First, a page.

The Politics of Naming Rights
January 5, 2013 § 6 Comments
Forgive me, but it’s about to get a little opinionated in here. Much has been discussed online over baby name laws the past few days, and I can’t help but weigh in, of course.
Lou at Mer de Noms led me to this fascinating article about a 15-year-old Icelandic girl named Blaer Bjarkardottir. But, since Blaer isn’t on the list of 1,853 accepted names for girls in her native country, all her government forms list her official name as ‘Sturka’ – which means, simply, “girl.” Her mother, Bjork Eidsdottir, picked Icelandic Blaer, which means “light breeze,” inspired by a female Blaer she knew in Iceland in the early 1970s – back when the name had been reportedly acceptable. The priest who baptised Blaer even thought the name acceptable enough, but had to admit his mistake after the fact, negating the legality of the name. Now, Blaer and her mother are suing the Icelandic state for the right to use a name that has a masculine article and was denied by the panel of judges who approve or reject every baby name, or adult name change, in the country. Germany, Denmark, New Zealand, China, and other countries have similar processes, a response to parents who have selected names ranging from Anus to Devil and Number 9 Bus Stop to the @ symbol.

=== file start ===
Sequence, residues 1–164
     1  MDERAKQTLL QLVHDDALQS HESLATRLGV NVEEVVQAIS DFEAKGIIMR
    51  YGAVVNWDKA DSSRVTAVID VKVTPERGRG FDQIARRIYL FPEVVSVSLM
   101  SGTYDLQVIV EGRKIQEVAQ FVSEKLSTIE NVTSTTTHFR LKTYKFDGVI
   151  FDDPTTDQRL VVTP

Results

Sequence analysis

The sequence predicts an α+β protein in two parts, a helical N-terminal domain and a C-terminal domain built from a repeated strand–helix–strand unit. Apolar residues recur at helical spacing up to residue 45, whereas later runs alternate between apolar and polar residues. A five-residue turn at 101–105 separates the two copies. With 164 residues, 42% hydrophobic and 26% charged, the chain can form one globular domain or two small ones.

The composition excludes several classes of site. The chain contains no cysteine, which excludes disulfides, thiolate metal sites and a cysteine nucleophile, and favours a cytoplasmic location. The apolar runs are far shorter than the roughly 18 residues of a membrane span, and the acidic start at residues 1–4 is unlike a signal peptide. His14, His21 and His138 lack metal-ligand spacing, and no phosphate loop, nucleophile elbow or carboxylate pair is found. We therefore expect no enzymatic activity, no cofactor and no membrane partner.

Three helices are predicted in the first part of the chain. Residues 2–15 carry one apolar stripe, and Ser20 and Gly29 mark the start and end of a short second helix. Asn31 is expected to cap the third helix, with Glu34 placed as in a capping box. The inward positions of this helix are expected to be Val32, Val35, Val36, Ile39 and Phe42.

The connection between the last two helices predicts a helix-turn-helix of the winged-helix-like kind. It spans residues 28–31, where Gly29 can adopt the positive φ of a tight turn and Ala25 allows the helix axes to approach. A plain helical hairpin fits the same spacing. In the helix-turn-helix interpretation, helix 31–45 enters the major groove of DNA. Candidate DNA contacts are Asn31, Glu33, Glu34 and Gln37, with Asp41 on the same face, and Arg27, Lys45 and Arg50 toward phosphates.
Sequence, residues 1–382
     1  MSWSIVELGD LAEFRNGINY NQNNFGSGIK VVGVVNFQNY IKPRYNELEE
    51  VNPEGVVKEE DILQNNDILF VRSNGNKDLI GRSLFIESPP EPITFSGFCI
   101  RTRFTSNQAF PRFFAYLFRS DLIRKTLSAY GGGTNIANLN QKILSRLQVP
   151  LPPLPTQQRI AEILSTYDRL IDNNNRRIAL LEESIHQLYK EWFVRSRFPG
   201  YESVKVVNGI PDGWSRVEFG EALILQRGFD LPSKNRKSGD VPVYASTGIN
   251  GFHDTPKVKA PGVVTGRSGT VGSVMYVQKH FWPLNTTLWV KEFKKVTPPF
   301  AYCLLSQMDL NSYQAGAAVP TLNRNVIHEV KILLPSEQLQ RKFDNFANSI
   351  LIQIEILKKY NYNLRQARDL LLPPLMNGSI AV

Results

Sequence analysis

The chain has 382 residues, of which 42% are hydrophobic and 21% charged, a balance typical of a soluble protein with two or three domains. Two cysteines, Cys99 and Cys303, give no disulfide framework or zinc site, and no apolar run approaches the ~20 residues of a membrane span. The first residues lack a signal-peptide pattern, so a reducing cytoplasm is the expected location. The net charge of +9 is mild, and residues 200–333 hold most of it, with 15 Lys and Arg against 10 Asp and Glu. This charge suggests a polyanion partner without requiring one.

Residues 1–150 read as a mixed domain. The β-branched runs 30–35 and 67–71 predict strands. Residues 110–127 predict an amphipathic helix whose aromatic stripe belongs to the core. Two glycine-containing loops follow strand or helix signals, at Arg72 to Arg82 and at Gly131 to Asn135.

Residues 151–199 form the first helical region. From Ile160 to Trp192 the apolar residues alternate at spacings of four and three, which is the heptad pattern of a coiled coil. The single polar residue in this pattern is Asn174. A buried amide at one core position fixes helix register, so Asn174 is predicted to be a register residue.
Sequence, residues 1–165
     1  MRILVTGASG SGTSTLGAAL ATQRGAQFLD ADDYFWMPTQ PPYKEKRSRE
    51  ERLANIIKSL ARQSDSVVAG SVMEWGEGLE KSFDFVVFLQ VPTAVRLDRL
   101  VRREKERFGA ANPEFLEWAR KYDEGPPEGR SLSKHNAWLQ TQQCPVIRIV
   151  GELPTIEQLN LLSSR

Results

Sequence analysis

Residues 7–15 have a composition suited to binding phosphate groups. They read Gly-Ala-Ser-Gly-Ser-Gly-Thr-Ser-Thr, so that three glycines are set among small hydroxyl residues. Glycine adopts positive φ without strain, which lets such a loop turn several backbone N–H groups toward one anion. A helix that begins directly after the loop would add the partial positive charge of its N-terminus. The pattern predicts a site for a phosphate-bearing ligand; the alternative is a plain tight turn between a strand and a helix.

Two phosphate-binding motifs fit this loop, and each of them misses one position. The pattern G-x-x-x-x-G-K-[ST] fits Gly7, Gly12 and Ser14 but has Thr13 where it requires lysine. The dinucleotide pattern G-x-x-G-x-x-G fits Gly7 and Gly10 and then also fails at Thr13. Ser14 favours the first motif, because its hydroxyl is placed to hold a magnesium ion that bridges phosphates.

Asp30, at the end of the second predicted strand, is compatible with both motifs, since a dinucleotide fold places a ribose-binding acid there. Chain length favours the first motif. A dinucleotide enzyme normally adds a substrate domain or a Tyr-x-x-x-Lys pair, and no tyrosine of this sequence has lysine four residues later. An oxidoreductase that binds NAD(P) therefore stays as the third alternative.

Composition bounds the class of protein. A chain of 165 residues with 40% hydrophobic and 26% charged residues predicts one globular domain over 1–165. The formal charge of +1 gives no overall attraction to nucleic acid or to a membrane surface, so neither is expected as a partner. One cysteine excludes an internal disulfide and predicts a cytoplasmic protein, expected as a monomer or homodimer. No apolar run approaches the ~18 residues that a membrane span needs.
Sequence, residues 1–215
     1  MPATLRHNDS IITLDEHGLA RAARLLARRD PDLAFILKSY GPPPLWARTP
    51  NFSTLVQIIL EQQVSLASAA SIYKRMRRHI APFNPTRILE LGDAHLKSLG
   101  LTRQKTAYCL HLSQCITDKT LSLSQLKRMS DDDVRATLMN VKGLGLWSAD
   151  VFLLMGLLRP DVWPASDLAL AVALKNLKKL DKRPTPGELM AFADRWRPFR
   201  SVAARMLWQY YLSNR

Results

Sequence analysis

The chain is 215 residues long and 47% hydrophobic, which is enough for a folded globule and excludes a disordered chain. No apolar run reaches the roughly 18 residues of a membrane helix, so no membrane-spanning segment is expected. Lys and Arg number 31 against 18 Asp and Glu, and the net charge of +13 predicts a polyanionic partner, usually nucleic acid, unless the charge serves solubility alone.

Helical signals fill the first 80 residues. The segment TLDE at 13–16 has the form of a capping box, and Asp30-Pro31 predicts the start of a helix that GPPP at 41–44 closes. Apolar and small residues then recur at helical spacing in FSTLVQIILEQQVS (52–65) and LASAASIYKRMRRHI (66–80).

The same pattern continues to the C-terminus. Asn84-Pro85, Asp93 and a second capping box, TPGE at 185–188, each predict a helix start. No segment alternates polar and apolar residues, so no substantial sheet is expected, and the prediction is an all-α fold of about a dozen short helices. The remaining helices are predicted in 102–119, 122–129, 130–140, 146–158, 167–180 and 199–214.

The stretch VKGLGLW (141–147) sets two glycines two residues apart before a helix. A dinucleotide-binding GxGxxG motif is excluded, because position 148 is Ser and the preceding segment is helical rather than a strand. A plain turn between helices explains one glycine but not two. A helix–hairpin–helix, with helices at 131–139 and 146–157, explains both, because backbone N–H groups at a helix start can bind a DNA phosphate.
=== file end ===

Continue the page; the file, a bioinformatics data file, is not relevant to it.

My problem with these committees is how fascist they can seem. Sometimes, the opinion may seem a bit outrageous (as it appears Blaer’s name was at one time perfectly acceptable for girls in Iceland, before the committee was formed). And if not outrageous, the notion that one must be named from an approved list of choices, even if that list is almost 2,000 names long, goes too far. These democratic countries are telling their citizens ‘originality be damned.’ They are telling citizens they must conform to the state’s idea of an acceptable personal identity, and that is fairly fascist. By deciding what names are not worthy they’re perpetuating a culture of superiority, which lends itself to the dreaded playground bullying everyone talks about when names are concerned.
I understand that Number 9 Bus Stop is a bad given name. So are swear words or slang insults. I respect the attempts to keep those names from birth certificates. But I have to wonder what happens when it all goes too far, and firmly believe that our opinions or perceptions of far too many words, or names, make these committees way too arbitrary. Why, for example, is Elvis banned in Sweden? Why is a beautiful name with a ‘masculine article’ banned in Iceland? (Iceland, for the record, also bans all C names from Cara to Curver because there is no C in the Icelandic alphabet, although it’s perfectly acceptable for someone like Bjork to sing and write in English using Roman characters.)
The truth is, most parents choose common names for their children, and even kids named @ or Bus Stop are likely go through life with a nickname, or legally change it to something else when they’re older. Most parents have no interest in naming their child Pooface. Parents who choose the name Satania (which has been denied in Iceland for being too close to Satan) might have good reason that is of no business to the government or citizens whom the name will not affect.